Charmaine Lurch’s large-scale charcoal drawings “Cartography of Being, Belonging, and Grace,” are paper maps of a Black femme figure (her daughter), both familiar and warm. As a Black woman living in the diaspora, themes of belonging are of particular interest to me. These drawings strike an internal chord. The charcoal lines are bold and heavy-handed, and the model depicted moves between fluid and casual. In an excerpt from Katherine McKitrick’s “Dear Science and Other Stories and Demonic Grounds” she writes: “a young girl can legitimately take possession of a street, or an entire city, albeit on different terms than we may be familiar with.” Her poetics embody the bold and casual tones of the drawings and speak to the preciousness and precarity of Black girlhood.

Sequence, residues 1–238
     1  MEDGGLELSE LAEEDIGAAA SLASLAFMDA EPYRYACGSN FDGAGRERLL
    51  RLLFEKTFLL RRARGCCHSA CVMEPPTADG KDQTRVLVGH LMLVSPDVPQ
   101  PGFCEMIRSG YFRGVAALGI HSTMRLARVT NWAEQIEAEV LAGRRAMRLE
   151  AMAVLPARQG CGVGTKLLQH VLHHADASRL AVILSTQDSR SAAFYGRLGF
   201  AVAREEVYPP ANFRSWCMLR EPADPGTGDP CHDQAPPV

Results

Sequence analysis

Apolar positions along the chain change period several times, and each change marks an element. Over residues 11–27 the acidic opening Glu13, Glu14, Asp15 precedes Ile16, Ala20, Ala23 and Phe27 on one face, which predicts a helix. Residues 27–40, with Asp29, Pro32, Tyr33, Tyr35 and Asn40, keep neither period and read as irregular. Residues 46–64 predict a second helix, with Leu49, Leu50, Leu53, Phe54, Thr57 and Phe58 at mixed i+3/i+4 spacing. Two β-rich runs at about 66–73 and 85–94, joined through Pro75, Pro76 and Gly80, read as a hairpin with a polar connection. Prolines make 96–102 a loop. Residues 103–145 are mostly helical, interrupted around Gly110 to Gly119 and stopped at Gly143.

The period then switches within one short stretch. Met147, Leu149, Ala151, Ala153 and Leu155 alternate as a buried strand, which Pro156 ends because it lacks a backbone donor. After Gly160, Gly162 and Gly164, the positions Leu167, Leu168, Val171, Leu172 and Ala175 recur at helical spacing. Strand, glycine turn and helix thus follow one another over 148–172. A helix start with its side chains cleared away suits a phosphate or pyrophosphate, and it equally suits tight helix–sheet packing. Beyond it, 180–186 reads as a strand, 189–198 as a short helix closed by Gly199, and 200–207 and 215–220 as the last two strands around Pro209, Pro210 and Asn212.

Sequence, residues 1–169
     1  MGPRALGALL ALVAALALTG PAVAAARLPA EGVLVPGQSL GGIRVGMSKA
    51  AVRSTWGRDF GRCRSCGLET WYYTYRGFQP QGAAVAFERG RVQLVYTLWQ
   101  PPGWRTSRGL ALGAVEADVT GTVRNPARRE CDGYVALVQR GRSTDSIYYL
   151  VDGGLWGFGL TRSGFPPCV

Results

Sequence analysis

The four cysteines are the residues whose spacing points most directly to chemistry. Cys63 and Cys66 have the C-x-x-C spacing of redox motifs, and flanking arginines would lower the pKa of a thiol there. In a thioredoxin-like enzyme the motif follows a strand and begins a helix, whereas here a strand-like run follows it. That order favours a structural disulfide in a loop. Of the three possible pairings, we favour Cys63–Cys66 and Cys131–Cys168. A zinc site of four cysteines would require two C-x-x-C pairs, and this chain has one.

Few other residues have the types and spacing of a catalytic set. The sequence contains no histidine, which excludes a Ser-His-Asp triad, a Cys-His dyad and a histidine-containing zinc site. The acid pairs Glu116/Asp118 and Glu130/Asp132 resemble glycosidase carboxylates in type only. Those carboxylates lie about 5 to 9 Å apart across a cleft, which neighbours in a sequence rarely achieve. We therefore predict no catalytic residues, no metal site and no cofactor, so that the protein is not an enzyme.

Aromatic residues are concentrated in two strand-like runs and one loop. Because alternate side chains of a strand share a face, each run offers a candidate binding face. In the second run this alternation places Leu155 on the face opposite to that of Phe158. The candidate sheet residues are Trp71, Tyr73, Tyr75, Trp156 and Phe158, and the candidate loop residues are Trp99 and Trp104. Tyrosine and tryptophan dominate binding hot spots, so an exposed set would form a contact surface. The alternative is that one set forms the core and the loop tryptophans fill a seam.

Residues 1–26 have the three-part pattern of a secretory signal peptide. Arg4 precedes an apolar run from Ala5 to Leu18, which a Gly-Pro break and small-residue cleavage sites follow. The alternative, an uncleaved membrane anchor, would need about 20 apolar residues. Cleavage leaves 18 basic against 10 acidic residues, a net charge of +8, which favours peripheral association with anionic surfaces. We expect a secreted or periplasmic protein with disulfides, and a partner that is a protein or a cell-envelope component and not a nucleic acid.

Across from Lurch’s work, taking up the entire length of the wall, is Sandra Brewster’s “Hiking Black Creek,” who describes the larger than life photograph of the artist’s parents on a hike as a “poetic meditation on the emotional labour of belonging.” As a recent immigrant, I am intimately familiar with the emotional labour of belonging and am taken by the intimacy and simplicity of this work. Treading along familial lines, much like Lurch, Brewster subtly, yet sharply conveys a profound idea with this old photograph taken during the couple’s first year in Canada together. The large-scale image is spread over large panels and washed in warm sepia and grey tones. The colours red and yellow across their long-sleeved shirts have been added to the black and white image. The two figures in the photograph smile for the camera. Further ruminating on the theme of belonging, the work shirks ideas of Blackness and Black culture as homogenous, and the sheer size of the image (as well as the smiling faces), give me a sense of being watched over with care.